This Feminist Film Festival Highlights The Importance Of Female-Led Stories
With gender inequality in the film industry as rampant and problematic as it is, it's important to point out all the things that Hollywood could be doing better when it comes to women — yet it's equally essential to highlight all the ways that the film industry is doing feminism right. There's the ACLU investigation into female directors, the #AskHerMore campaign taking over red carpets, and the many film festivals working valiantly to bring more female voices into the fray. Over a third of the movies shown at this year's Sundance Film Festival, for instance, were made by women, and now, the New York International Children's Film Festival is featuring an entire program, the Girls POV Retrospective, solely dedicated to featuring movies starring women and/or about women's issues.
In the retrospective, every film shown deals with feminism in a major way, whether that's by starring a complicated, compelling female lead or discussing themes and issues facing women and girls around the world. The films shown at the 2016 festival are some of the best works shown in the past decade of the Girls POV program, as well as one, In The Sea Where I Was Born, having its North American premiere. It's a strong collection of movies, but more importantly, it's an essential one; so many wonderfully feminist movies being shown in one place is an all-too-rare occurrence, and it deserves to be celebrated.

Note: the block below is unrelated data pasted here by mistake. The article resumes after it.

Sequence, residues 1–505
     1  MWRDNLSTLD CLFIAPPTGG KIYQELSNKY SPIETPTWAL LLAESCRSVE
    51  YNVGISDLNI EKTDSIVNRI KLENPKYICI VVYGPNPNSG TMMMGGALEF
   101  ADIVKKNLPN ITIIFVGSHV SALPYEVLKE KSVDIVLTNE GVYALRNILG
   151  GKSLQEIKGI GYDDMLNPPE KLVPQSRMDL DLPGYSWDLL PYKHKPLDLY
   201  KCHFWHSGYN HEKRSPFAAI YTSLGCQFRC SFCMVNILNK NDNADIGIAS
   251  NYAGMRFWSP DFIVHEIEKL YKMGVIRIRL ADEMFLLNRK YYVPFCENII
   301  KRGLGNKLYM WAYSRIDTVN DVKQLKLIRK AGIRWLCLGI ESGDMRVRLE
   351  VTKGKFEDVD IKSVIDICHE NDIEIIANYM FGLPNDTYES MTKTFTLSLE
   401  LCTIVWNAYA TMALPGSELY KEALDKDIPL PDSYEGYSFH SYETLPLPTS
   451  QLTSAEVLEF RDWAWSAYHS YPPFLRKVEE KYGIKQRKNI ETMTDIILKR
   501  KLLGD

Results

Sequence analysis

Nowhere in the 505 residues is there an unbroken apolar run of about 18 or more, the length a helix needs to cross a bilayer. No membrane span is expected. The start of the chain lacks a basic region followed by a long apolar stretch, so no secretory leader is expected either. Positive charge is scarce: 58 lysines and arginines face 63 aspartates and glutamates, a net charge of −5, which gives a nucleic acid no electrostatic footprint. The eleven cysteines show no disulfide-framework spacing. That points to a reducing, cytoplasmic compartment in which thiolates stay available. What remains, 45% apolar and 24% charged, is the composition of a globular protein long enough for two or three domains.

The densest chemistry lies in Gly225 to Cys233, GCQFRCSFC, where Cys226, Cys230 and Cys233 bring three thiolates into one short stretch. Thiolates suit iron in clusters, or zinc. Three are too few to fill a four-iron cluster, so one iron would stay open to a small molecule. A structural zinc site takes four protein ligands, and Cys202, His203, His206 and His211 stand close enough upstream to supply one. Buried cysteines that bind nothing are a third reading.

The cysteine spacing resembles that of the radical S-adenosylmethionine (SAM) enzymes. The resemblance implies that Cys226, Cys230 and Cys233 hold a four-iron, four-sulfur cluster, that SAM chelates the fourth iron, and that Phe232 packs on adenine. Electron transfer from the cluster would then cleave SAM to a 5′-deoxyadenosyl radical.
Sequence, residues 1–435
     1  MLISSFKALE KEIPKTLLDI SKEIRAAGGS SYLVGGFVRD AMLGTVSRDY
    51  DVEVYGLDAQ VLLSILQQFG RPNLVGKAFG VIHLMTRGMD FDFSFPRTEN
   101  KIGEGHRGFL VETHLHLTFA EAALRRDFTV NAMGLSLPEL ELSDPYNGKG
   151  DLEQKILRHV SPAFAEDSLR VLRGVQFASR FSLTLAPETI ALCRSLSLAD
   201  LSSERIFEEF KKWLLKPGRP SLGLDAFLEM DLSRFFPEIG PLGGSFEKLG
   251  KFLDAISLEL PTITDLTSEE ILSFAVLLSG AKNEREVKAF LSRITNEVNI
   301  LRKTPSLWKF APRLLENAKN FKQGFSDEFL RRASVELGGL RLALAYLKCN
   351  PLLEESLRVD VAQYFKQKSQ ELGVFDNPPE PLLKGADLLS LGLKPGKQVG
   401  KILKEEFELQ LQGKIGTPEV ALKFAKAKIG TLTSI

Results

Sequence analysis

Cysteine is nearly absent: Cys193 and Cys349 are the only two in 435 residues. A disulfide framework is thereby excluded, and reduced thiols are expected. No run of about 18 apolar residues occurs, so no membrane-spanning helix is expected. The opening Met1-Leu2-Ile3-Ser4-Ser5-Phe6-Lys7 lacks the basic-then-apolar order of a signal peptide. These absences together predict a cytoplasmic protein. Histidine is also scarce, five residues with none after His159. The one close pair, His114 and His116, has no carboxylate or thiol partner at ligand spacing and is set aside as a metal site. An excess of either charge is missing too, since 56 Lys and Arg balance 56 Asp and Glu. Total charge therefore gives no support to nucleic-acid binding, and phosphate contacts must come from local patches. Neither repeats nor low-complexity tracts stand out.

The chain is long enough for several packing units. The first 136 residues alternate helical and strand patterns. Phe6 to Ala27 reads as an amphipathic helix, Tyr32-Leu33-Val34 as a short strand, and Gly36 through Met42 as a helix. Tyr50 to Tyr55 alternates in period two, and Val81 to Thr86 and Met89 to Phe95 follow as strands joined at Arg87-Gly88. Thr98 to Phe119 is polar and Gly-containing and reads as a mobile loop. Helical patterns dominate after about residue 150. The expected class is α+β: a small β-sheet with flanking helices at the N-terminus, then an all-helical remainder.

The festival runs from Feb. 26-Mar. 20 at venues around New York, and this year's slate features more than 100 new films from around the world. And six of these — Beach Flags, In The Sea Where I Was Born, Dot, I Am A Girl!, Daughters, and CHALK — are from the Girls POV section. They come from across the globe, and tell unique, female-led stories, some animated, some live-action. Find info on each film below and if you're in New York, check out the festival before it closes.
An animated film from France's Sarah Saidan, Beach Flags features an Iranian lifeguard intent on beating out a rival at an international competition.
In The Sea Where I Was Born
The 2013 Italian film, directed by Isabel Achaval and Chiara Bondì, follows a young girl who tells a fairy tale-like story of how her pregnant mother traveled from Eritrea to Italy. It's told in a unique, diary-like style.
The British animated film, made by Sumo Science in 2010, features an adorably tiny character who makes a big escape.
I Am A Girl!
The 2012 documentary, directed by The Netherlands' Susan Koenen, stars a transgender 13-year-old dealing with challenges of adolescence.
China's Daughters, by Chloe Zhao, follows a 14-year-old girl who attempts to escape from an arrange marriage after her mother becomes pregnant with a boy.
The 2010 British film, directed by Martina Amati, stars a pair of teen gymnasts whose friendship faces challenges when they enter a national training camp.
The films' plotlines and themes vary widely, but all of them shine a much-needed light on the issues faced by women and girls across the globe.
Images: New York International Children's Film Festival